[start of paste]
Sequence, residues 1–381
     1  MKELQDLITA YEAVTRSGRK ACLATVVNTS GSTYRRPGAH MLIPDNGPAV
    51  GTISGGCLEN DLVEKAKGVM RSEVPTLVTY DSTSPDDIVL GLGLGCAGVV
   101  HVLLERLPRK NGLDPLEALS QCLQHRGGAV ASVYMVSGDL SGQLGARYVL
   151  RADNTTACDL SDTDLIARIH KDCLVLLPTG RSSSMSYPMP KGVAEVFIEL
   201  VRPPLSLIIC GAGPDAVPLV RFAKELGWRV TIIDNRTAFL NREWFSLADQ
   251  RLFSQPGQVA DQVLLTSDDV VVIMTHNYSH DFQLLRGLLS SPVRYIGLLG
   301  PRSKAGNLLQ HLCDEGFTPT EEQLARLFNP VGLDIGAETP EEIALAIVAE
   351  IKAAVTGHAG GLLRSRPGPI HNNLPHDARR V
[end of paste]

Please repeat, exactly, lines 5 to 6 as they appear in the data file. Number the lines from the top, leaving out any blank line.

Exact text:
   151  RADNTTACDL SDTDLIARIH KDCLVLLPTG RSSSMSYPMP KGVAEVFIEL
   201  VRPPLSLIIC GAGPDAVPLV RFAKELGWRV TIIDNRTAFL NREWFSLADQ